When you call, do not do what they say and go to their website for COVID-19 vaccination information. It only lists general information there and nothing about how to actually get the vaccine if you’re in phase 1A. Also, when they tell you to call an 855 number for their COVID-19 hotline, don’t. It’s just a pre-recorded message that they update periodically and doesn’t tell you how to get the vaccine if you’re in phase 1A.

Unfortunately when I called Kaiser Permanente mid-Atlantic (which covers Virginia, Maryland, and DC) they informed me that they are putting all non-members seeking the vaccine (even if they’re in phase 1A) on a waiting list. It couldn’t hurt to be on that list, and it may still work for you if you’re in any other region than their mid-Atlantic region.

5. Get in Touch with Your Primary Care Physician

A lone respondent selected this as the route by which they were able to get the vaccine. This is one method I was planning on trying right before I got the message saying I was going to get vaccinated. I have a good relationship with my doctor and he is very knowledgeable, but again, the path forward for independent contractors getting the vaccine is very unclear, so who knows if he would have been able to help.

6. Reach Out to Local Safety Net Clinics

This was never an option on the original poll I conducted in January, but I’m hearing from more and more freelance on-site medical interpreters that if all else fails, they’re turning to local safety net clinics. If you’re not familiar with safety net clinics (including free, sliding-scale, and charitable clinics), they’re clinics that provide care to individuals regardless of their ability to pay, and often serve marginalized communities (i.e. rural communities, racial and ethnic minorities, undocumented individuals). At the end of the day, if you are working in high-risk healthcare environments day in and day out, getting the vaccine may very well save your life or at the very least make it less likely that you will develop complications from contracting COVID-19. You need to take care of yourself before you can take care of others.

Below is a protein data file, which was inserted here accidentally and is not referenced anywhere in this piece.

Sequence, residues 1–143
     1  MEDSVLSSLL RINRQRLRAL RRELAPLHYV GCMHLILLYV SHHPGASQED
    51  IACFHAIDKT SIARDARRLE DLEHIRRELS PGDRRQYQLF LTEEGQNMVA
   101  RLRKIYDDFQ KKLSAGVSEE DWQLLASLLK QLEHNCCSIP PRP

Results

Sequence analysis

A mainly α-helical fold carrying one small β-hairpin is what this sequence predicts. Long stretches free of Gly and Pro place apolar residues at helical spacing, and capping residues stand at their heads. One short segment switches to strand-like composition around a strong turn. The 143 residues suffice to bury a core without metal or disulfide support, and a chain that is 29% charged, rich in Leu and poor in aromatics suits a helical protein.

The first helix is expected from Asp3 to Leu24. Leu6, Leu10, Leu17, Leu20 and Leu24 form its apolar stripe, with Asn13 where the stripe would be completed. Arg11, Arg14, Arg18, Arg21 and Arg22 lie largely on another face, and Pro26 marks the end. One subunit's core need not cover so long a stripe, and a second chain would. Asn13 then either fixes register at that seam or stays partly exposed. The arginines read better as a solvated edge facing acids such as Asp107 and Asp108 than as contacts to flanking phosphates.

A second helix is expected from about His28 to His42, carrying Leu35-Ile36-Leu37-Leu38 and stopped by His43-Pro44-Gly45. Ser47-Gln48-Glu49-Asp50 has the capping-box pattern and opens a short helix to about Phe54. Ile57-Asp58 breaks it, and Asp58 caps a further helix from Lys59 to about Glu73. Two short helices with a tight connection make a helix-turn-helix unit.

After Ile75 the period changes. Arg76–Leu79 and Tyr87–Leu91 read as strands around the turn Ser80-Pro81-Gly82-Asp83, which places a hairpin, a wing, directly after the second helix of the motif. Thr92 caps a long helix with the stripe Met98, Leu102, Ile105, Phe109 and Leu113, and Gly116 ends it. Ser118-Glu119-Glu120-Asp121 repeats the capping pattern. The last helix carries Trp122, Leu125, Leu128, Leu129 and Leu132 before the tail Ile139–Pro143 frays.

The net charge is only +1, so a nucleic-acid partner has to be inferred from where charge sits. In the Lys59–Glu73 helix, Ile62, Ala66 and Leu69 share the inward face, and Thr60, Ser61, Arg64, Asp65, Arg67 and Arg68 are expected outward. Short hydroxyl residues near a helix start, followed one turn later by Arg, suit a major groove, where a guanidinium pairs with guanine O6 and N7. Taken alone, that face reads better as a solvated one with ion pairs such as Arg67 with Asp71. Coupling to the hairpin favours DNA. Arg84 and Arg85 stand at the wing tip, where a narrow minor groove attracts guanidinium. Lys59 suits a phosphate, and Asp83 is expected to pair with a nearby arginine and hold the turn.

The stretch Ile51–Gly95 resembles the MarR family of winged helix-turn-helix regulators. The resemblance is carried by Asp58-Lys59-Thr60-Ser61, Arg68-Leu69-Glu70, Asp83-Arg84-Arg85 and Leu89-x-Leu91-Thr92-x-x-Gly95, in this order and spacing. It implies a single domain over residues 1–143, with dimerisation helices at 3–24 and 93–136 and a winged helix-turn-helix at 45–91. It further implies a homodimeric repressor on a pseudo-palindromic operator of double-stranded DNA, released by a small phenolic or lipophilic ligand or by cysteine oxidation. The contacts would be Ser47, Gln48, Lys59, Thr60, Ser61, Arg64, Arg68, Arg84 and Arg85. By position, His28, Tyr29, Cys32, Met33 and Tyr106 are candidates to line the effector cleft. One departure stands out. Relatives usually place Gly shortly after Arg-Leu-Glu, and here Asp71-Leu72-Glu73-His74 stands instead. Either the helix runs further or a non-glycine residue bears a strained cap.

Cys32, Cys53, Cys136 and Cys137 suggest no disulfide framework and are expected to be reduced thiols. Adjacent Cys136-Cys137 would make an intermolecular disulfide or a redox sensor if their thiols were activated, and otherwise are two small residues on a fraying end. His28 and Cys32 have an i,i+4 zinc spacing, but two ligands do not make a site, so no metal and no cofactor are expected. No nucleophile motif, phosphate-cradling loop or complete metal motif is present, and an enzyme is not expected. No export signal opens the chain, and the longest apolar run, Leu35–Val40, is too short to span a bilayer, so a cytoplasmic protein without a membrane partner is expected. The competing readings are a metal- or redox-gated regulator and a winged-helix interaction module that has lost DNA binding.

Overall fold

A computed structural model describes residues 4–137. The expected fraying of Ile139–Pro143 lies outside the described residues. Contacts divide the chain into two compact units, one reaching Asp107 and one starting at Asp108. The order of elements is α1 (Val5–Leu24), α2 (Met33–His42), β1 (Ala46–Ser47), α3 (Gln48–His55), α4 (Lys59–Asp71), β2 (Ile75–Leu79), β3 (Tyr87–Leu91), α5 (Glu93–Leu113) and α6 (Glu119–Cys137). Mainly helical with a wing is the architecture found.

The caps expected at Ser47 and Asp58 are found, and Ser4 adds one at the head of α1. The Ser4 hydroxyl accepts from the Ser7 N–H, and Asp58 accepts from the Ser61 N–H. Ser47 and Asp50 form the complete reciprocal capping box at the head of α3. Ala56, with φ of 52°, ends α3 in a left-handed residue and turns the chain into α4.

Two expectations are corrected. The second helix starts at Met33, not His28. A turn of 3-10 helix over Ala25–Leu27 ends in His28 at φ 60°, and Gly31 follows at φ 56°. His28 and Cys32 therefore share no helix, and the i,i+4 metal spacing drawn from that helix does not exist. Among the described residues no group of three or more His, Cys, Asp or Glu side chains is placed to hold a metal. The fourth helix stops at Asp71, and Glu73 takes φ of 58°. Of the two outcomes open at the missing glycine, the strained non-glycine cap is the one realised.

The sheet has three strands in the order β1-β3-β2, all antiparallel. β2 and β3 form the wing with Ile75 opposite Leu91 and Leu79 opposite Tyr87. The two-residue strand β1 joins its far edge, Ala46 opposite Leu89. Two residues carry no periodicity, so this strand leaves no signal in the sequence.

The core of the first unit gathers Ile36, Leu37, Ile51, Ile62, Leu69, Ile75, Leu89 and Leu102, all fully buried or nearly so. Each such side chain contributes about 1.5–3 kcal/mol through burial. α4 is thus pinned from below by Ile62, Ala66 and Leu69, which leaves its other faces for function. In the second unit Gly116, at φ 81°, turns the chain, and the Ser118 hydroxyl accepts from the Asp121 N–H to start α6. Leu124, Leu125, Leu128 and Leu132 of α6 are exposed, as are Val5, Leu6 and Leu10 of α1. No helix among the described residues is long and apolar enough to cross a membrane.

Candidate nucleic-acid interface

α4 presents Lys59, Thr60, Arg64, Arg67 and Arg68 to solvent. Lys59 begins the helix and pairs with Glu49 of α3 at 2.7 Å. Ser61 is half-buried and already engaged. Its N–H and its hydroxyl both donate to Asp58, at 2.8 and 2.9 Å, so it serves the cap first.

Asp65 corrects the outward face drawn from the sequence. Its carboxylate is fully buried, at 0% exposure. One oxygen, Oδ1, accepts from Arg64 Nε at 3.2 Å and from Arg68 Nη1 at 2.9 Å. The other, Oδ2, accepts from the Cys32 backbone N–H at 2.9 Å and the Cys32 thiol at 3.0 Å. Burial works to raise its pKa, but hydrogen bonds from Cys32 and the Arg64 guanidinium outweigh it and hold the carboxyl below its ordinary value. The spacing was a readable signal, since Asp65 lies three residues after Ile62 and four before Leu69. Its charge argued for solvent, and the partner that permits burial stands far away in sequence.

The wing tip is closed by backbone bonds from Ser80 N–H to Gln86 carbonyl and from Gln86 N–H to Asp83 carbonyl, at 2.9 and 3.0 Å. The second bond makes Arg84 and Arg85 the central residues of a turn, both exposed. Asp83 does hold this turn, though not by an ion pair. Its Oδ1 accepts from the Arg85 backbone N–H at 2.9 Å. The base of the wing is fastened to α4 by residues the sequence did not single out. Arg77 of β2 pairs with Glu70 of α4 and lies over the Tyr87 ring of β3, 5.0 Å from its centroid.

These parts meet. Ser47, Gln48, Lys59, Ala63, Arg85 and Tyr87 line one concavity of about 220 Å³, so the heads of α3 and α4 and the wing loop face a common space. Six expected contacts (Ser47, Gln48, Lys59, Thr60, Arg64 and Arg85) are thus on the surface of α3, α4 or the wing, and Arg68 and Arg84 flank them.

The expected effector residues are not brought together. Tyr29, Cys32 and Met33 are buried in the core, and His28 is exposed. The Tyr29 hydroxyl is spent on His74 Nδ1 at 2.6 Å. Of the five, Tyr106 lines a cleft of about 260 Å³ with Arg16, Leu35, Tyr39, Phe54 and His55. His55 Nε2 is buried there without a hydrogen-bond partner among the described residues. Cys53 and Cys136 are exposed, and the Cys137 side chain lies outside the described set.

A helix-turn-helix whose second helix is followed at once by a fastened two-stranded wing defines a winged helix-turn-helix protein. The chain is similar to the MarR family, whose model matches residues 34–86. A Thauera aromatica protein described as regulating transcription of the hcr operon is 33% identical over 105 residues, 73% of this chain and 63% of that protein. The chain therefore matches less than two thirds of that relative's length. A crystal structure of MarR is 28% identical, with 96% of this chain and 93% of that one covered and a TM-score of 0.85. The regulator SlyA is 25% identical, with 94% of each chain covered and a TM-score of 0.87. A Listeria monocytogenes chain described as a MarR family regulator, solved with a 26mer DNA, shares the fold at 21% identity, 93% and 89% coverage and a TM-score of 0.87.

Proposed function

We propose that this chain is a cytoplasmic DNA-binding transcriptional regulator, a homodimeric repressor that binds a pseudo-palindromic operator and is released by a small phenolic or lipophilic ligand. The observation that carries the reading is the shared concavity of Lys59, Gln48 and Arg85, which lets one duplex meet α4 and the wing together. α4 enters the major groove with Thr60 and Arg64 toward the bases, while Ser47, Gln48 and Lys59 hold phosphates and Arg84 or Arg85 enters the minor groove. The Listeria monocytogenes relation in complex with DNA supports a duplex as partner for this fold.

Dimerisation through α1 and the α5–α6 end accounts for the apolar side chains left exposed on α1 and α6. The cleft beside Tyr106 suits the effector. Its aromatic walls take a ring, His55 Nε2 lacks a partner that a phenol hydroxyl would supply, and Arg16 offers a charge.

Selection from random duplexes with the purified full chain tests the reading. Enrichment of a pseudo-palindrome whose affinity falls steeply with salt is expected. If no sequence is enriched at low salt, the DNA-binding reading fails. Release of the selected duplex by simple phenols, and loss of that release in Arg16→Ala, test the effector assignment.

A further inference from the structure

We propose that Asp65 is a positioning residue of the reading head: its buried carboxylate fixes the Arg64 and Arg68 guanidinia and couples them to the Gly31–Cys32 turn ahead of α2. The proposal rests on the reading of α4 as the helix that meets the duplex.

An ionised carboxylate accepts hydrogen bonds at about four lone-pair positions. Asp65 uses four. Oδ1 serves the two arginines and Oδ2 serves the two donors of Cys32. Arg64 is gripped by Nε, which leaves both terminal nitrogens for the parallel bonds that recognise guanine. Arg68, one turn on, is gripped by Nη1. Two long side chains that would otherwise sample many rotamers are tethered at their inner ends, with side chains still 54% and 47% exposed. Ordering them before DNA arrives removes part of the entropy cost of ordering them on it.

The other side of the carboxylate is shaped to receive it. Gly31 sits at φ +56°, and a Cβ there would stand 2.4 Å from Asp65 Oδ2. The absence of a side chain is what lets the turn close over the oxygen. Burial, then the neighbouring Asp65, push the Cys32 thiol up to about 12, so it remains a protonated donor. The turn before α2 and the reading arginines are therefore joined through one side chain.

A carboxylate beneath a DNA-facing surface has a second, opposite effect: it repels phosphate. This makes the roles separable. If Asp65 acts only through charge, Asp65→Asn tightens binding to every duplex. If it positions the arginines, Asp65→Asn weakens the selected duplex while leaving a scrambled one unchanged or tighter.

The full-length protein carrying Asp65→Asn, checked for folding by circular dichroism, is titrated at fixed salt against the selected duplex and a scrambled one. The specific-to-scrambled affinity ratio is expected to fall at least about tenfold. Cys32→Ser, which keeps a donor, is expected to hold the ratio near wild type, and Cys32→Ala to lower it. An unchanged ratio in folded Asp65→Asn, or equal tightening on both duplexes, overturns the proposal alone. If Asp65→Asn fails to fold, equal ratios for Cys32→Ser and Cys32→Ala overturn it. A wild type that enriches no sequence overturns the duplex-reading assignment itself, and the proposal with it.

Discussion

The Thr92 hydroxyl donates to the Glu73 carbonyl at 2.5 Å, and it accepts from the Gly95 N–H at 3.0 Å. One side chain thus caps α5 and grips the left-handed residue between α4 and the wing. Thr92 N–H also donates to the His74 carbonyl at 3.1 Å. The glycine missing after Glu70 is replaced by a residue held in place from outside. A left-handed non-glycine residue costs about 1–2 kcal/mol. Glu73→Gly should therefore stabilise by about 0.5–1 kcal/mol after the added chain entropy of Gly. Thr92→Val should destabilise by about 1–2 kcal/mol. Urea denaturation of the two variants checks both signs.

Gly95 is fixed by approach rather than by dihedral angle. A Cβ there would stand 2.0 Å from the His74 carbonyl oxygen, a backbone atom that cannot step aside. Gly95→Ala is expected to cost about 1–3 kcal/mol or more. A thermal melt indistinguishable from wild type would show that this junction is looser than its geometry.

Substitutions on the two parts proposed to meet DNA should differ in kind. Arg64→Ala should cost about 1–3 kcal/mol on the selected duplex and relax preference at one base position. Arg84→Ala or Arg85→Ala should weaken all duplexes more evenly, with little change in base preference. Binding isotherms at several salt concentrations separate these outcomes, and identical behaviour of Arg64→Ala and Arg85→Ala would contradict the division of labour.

We may not know yet if getting vaccinated can decrease your viral load and likelihood of passing COVID along to others if you do get infected while vaccinated, but health experts remain guardedly optimistic. In my mind, even if there is a slight chance that I could protect the Hispanic community I serve, it’s a no-brainer for me, especially considering the high rate of COVID-19 mortality in marginalized communities. Some interpreters have expressed guilt about going through this route, but it’s important that when making this decision, you take into account all factors, including the likelihood of becoming an asymptomatic carrier of the virus. What toll would that take on the community you interpret for? Ultimately, we are in a high risk category that needs to not only take into account our risk of contracting the virus, but also of spreading it.

How I Got the Vaccine

After engaging in most of the suggestions on this list (and wasting a LOT of time communicating with my local health department) I suddenly had both an interpreting agency I contract with and a facility I regularly interpret at offer me the vaccine. I had another agency early on say they were looking into it, but I never heard back from them. I had my first dose on Wednesday, January 13, and my next dose is scheduled for February.